Dead In the Water?

May 1, 2005
Outside Magazine
The Counter-Enviro Power List

It's not unusual for hostile outsiders to bash the environmental movement, but lately mainstream enviros have faced a far more painful sort of attack: the kind that comes from within.

Leading the charge are Michael Shellenberger, 33, and Ted Nordhaus, 39, two political strategists who caused a firestorm last October when they released a 36-page manifesto called "The Death of Environmentalism." Their thesis: that the movement, "with all of its unexamined assumptions, outdated concepts and exhausted strategies," is facing a crisis of irrelevance. In their view, environmentalists haven't seriously updated their thinking in 30 years and are failing to effectively address the most pressing challenge of the day, global warming.

Considered scandalous by many old-guard greens, their work drew fire from Sierra Club executive director Carl Pope, who denounced it as "unfair, unclear, and divisive." But Shellenberger and Nordhaus aren't backing down. "Let's face it: Right now, the GOP is trouncing the environmental movement," says Nordhaus, an Oakland, California–based pollster. "It hasn't helped that our leaders are mostly literal-minded wonks."

Shellenberger, the executive director of an El Cerrito, California–based political organization called the Breakthrough Institute, says his group hopes to reenergize the environmental movement—partly by leaving the old mistakes of environmentalism behind, and partly by learning from strategies used by conservatives. He and Nordhaus have signed a deal with Houghton Mifflin to write a book detailing their political values and vision.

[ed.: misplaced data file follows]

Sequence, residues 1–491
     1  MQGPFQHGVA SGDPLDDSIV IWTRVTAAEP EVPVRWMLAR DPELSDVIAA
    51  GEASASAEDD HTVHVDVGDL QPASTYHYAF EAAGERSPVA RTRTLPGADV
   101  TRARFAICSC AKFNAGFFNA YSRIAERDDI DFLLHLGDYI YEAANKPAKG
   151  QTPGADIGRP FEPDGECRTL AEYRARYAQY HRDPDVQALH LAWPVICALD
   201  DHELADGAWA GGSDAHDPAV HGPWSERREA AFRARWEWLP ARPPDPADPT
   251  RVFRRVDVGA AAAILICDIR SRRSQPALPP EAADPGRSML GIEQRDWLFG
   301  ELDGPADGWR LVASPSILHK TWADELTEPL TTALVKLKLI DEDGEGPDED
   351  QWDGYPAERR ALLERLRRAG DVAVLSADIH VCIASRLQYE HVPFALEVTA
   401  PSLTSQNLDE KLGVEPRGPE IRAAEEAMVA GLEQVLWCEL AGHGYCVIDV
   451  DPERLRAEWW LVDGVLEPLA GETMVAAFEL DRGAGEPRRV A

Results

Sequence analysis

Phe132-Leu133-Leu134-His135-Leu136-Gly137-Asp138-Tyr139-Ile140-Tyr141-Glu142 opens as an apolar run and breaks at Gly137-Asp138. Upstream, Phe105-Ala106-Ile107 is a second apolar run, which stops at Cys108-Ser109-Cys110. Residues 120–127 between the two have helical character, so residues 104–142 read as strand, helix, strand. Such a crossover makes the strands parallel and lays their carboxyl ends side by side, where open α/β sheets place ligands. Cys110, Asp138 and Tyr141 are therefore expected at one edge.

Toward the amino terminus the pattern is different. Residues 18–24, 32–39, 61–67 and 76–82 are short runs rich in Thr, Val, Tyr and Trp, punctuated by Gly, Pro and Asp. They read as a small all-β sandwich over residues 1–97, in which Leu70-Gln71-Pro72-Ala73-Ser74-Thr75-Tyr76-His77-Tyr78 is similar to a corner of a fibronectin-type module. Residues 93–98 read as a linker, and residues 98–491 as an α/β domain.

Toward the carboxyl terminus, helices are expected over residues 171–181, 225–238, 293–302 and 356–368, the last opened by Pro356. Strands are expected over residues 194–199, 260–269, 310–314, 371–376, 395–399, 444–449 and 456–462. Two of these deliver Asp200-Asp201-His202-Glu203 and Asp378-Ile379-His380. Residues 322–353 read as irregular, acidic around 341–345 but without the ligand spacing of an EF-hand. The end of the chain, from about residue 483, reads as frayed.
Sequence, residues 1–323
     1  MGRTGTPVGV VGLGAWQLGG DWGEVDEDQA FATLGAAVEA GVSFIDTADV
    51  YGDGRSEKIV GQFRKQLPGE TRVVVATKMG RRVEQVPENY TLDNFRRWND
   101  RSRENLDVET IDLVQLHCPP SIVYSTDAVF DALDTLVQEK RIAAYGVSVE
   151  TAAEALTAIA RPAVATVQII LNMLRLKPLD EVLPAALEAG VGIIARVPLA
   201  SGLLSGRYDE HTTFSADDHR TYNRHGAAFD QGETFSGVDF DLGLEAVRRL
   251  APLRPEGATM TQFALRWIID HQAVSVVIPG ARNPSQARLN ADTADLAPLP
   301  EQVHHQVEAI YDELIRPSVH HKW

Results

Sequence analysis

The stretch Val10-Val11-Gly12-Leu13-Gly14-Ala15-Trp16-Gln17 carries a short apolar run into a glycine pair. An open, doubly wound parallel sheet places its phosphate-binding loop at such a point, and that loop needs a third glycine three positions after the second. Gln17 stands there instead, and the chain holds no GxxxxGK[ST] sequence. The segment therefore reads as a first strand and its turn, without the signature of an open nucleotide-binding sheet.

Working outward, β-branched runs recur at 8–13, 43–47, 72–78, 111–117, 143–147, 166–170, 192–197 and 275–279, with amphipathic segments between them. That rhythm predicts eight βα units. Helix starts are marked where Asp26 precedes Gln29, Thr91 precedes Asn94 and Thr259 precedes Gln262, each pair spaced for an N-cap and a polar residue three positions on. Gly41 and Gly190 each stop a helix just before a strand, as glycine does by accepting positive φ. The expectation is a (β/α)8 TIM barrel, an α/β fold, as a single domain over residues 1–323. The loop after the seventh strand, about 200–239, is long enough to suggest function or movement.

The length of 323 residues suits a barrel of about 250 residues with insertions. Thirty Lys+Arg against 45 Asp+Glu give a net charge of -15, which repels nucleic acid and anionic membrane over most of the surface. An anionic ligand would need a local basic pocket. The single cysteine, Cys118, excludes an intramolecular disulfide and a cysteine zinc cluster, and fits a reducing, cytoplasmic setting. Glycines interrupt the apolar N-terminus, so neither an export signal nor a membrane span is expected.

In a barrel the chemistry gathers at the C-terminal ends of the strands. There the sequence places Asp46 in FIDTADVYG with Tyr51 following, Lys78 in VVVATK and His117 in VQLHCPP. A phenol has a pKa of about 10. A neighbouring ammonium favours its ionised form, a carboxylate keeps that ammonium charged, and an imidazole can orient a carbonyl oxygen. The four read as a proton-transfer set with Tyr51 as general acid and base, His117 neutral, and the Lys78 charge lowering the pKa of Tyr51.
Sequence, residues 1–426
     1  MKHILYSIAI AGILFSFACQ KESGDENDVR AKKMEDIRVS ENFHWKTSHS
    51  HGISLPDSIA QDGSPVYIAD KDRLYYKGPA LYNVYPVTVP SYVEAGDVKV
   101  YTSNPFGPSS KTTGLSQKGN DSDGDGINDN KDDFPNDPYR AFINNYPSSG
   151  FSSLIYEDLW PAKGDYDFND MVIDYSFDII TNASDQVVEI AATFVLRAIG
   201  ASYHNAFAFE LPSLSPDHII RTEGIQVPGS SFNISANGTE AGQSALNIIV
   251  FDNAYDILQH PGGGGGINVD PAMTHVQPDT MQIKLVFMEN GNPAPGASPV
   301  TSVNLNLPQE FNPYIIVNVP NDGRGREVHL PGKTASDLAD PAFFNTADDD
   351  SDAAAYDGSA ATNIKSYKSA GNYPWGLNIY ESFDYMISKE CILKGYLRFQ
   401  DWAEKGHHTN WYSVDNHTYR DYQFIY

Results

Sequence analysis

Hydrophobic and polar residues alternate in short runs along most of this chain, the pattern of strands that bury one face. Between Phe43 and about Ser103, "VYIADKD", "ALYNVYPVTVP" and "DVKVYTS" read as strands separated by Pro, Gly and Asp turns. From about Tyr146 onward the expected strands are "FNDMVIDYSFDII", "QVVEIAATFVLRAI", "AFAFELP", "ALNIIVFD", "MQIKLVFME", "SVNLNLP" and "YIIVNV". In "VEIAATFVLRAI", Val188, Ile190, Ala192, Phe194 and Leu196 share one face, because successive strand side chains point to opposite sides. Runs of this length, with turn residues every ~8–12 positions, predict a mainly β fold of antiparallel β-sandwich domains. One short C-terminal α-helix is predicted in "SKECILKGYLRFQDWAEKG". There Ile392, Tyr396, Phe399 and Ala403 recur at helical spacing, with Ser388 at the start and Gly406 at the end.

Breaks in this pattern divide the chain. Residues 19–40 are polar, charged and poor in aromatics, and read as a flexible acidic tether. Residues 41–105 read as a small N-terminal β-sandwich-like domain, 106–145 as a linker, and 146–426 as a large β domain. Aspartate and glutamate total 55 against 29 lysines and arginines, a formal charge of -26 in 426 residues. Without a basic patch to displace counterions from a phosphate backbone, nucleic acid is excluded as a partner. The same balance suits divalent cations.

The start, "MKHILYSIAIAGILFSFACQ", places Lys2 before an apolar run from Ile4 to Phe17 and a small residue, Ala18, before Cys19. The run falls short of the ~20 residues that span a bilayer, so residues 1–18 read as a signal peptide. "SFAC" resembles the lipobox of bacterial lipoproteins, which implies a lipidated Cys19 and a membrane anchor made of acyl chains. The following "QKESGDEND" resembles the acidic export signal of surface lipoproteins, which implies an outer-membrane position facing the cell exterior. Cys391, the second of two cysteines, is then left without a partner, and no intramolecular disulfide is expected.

Also sounding the alarm: Adam Werbach, 32, the wunderkind who at 23 became president of the Sierra Club and who pronounced environmentalism DOA at a December 2004 speech in San Francisco. Over the past few years, Werbach says, he's felt like "a hospice worker trying to make the last days of environmentalism as painless as possible." Today he runs Act Now Productions, a company that creates media campaigns for progressive clients. Werbach hopes to inspire a movement that focuses on progress, not just problems. "Americans are aspirational: They dream of making things better," he says. Environmentalism will be meaningful again, he argues, when it does more than just paint nightmares.